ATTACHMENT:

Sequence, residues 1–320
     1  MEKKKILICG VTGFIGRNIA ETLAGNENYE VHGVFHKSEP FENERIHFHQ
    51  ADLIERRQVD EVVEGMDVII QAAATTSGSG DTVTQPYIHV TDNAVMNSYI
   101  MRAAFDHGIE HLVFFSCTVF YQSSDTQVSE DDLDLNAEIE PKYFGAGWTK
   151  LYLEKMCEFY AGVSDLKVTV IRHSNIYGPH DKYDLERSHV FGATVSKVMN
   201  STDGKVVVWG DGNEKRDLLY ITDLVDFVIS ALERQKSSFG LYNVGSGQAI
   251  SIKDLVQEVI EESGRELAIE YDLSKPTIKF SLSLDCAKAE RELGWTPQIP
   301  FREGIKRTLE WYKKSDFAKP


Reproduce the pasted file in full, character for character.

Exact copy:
Sequence, residues 1–320
     1  MEKKKILICG VTGFIGRNIA ETLAGNENYE VHGVFHKSEP FENERIHFHQ
    51  ADLIERRQVD EVVEGMDVII QAAATTSGSG DTVTQPYIHV TDNAVMNSYI
   101  MRAAFDHGIE HLVFFSCTVF YQSSDTQVSE DDLDLNAEIE PKYFGAGWTK
   151  LYLEKMCEFY AGVSDLKVTV IRHSNIYGPH DKYDLERSHV FGATVSKVMN
   201  STDGKVVVWG DGNEKRDLLY ITDLVDFVIS ALERQKSSFG LYNVGSGQAI
   251  SIKDLVQEVI EESGRELAIE YDLSKPTIKF SLSLDCAKAE RELGWTPQIP
   301  FREGIKRTLE WYKKSDFAKP